The Obama administration and the NAACP have publicly apologized to Ms. Sherrod. The Agricultural Department has offered Sherrod a new job. However, Andrew Breitbart, the imitation Glenn Beck, and the poster of the heavily edited video that made it appear that Sherrod was a supporter of racial discrimination, hasn't apolgized. In his appearance on Nightline Wednesday night,  Breitbart relished the tempest that he stirred up with the selective clip of Sherrod's speech, a speech that rather than promoting racism was about racial reconciliation. Sherrod used her initial reaction to a white farmer's request for assistance 24 years ago when she worked for a nonprofit that assisted farmers to make her point that race should not be the issue and that the significant divide was haves and have nots, regardless of race. The white farmer and his wife, Roger and Eloise Spooner, were among the first to speak in defense of Sherrod, crediting her efforts 24 years ago with saving their farm.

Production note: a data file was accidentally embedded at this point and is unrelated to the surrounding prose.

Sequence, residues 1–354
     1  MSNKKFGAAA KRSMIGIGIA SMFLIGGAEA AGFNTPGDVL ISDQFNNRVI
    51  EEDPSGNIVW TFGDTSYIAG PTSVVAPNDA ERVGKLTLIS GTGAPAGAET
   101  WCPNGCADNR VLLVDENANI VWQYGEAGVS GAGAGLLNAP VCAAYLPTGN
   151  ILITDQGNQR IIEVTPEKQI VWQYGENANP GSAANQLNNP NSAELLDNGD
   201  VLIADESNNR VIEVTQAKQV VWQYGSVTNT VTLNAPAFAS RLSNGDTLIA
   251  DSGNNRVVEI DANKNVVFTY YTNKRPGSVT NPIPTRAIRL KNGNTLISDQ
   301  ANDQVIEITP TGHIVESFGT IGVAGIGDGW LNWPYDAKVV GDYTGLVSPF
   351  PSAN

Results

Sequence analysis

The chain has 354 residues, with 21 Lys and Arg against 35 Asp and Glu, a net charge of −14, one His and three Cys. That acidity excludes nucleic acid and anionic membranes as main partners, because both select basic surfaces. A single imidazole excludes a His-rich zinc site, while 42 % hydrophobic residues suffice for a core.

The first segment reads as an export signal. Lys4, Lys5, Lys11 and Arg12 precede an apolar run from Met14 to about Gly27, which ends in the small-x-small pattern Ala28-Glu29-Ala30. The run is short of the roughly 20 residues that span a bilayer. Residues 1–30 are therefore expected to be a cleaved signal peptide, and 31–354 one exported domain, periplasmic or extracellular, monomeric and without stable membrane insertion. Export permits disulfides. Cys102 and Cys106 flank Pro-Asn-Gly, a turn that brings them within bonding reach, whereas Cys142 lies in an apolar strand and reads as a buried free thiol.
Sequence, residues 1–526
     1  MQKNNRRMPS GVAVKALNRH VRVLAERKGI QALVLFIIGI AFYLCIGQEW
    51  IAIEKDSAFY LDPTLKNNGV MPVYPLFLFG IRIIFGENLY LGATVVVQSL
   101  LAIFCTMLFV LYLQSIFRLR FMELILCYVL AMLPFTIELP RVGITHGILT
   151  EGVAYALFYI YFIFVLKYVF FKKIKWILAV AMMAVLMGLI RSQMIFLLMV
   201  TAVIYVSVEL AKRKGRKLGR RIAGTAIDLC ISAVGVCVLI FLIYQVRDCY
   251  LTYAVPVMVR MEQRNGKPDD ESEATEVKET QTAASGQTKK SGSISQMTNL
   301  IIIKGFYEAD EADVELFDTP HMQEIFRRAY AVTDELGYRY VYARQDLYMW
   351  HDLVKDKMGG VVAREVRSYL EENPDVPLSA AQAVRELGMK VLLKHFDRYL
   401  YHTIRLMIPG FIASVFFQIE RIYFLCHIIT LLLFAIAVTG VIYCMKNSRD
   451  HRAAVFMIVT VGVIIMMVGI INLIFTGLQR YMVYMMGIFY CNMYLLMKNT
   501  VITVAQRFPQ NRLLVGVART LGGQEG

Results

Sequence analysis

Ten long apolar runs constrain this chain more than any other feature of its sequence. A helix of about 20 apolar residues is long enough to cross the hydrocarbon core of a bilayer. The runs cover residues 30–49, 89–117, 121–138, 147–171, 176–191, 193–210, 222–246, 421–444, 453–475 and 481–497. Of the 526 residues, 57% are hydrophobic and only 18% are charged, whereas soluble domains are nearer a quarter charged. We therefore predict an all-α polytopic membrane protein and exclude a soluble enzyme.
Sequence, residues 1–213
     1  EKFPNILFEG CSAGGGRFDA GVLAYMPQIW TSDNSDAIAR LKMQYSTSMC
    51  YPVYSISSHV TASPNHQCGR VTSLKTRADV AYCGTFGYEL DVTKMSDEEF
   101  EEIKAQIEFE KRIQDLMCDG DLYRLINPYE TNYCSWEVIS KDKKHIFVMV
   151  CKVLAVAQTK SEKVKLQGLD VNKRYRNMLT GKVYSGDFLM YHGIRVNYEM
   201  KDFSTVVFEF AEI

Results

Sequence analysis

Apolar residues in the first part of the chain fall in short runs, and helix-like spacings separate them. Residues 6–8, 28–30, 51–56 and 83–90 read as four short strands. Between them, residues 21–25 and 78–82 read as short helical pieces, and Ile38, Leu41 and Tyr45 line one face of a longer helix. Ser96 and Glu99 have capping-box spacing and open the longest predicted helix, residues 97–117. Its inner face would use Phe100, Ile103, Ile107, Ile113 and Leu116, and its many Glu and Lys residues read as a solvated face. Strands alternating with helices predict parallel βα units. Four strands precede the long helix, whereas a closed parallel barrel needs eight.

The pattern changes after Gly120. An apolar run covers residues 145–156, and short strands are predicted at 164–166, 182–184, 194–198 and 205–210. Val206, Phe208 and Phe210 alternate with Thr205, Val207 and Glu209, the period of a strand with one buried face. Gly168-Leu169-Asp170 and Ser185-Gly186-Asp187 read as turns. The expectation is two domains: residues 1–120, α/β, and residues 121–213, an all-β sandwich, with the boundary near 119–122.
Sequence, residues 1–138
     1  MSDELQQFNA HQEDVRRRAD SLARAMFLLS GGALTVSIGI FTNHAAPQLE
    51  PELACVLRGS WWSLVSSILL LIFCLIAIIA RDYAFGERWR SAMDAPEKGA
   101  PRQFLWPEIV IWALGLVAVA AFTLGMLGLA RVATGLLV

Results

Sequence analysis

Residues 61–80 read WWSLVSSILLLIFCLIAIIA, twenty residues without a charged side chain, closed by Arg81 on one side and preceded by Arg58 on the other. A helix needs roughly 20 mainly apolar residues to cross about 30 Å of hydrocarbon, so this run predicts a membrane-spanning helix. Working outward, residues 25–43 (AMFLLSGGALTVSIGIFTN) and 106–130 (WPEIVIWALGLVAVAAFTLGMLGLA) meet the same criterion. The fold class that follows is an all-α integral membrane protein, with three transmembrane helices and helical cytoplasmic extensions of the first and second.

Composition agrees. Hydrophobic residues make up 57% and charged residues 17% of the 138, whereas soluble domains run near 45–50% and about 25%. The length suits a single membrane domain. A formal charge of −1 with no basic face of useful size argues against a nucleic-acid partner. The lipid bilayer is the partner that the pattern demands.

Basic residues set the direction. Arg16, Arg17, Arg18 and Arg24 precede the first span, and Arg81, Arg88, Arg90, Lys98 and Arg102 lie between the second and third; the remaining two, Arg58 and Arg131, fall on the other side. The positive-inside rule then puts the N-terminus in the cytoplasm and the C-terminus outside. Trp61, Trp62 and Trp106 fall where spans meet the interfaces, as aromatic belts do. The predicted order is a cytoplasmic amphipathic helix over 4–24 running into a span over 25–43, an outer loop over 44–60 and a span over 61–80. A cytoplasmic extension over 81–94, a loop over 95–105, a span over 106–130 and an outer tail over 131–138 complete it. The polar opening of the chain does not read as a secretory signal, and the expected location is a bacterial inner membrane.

However, Andrew Breitbart is not interested in truth but sensationalism and controversey. Appearing on Good Morning America after the entire video speech had been widely released, Breitbart appeared delighted with the hornet's nest that he intentionally stirred up, particularly the discomfort that it caused the Obama administration and the NAACP. Of course, he may have cause for delight. Instead of widely condemning Breitbart and later Fox News for choosing to release the highly edited clip, the attention has been on chastising the Obama administration for reacting too quickly to the video clip.